Boomerang kids aren’t bad

Boomerang. Graphic by Heath VanSingel
Graphic by Heath VanSingel
A high rate of college-age Americans are moving back in with Mom and Dad.

According to information released by the Pew Research Center, about 30 percent of 18-30 year-olds will move back in with their parents. The causation of this is likely the recession that has been devastating to young Americans since the end of 2007.

This group of about 20 million people has been called the “boomerang kids”; assumingly because the nature of a boomerang is that it goes away and then comes back to you.

This is a terrible moniker for this group of people who have fallen on hard times. Anyone who is not an Aborigine, Mick Dundee or a manufacturer of boomerangs knows that they are just about impossible to work. There is probably a unique skill and talent for properly using a boomerang, whose original purpose was for hunting in the Australian outback, but it’s not common in the neighborhoods where I grew up.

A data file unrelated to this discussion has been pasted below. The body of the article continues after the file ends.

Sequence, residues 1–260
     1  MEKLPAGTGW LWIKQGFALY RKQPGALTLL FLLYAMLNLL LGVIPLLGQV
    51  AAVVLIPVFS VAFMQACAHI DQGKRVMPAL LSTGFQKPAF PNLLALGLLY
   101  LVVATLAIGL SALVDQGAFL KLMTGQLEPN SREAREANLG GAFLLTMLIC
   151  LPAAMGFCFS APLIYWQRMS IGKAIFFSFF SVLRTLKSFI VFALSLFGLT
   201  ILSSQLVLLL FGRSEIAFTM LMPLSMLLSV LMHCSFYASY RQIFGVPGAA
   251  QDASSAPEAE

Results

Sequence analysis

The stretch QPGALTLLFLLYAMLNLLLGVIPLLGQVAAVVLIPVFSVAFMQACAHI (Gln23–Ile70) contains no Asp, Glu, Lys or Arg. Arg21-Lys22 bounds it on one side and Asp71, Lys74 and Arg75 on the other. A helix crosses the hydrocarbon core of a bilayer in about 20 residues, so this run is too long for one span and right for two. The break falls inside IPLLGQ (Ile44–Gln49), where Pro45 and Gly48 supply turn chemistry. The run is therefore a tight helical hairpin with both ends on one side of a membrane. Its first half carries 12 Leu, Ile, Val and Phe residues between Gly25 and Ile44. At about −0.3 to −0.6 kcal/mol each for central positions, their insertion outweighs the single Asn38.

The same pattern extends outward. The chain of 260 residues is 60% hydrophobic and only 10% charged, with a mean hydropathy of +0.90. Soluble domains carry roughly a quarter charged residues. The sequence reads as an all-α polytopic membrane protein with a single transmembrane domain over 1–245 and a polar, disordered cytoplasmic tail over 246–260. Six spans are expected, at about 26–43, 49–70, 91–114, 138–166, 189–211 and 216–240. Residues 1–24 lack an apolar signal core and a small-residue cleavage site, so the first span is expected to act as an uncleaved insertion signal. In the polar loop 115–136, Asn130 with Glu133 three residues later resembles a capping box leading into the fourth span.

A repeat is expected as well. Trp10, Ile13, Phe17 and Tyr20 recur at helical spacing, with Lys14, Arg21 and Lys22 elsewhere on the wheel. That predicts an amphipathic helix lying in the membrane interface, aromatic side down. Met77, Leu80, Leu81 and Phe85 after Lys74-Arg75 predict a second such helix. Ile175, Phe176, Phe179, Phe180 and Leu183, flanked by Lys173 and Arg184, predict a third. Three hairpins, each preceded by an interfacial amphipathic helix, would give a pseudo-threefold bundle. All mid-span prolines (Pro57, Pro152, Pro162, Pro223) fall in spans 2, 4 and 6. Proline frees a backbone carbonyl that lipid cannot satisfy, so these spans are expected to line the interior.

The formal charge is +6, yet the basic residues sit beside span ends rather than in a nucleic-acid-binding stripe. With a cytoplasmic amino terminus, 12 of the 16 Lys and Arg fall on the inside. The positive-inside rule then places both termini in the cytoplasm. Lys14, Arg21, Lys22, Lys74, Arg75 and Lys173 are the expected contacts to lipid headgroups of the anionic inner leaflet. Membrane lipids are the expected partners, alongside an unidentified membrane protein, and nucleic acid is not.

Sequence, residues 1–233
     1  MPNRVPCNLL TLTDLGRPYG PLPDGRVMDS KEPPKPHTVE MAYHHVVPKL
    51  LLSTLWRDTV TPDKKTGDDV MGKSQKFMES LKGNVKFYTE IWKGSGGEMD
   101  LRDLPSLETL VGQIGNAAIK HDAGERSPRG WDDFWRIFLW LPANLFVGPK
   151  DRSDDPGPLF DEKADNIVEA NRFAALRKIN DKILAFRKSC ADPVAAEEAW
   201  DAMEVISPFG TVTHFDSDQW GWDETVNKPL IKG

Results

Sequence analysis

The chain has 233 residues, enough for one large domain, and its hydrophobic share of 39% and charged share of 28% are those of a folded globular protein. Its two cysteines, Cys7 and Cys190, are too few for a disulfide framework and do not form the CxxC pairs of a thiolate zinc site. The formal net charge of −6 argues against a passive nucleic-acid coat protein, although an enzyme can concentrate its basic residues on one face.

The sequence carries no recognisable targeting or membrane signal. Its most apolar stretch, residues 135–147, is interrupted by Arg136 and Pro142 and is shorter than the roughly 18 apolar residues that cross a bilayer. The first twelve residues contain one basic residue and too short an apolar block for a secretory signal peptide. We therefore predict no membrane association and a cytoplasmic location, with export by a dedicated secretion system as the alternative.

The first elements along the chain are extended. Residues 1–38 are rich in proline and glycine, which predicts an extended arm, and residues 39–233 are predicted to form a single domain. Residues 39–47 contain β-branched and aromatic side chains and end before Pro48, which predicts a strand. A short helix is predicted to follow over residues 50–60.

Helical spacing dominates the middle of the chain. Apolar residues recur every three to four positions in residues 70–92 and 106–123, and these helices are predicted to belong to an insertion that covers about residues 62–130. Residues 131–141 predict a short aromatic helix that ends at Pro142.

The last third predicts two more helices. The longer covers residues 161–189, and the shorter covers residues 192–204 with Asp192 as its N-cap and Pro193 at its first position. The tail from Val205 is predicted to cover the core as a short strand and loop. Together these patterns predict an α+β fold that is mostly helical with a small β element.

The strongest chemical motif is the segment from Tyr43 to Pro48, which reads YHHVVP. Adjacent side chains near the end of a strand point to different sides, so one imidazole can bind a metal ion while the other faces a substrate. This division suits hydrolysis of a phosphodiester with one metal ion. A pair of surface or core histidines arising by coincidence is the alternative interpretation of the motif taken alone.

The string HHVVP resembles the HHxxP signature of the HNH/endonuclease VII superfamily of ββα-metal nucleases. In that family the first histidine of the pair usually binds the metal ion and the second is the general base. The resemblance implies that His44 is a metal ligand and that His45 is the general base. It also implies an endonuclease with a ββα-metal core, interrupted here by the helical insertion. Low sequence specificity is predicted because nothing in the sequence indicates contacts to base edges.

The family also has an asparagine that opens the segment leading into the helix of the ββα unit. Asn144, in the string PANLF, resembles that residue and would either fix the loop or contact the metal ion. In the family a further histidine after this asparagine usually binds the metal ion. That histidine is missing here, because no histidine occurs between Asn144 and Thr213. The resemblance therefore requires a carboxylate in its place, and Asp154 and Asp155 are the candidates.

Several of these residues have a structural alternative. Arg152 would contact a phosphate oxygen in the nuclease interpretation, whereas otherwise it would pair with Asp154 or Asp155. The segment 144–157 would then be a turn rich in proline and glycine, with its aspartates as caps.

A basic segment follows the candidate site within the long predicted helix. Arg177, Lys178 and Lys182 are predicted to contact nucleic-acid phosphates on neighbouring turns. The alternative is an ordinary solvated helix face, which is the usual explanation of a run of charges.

This sounds terrible; 20 million young people moving back in with Mom and Dad, but I see this as a type of sensibility that perhaps contributed to the economic collapse. Recognizing the likely poor living conditions they would be able to afford individually and deciding that rather than settling for a job just to pay the bills, this demographic has opted to stay in school, continuing their education to better weather the economic storms in the future. The same goes for delaying having a child or getting married.

These may be kids because they are someone’s children, but despite what the data seems to suggest, they’re making some rather adult decisions.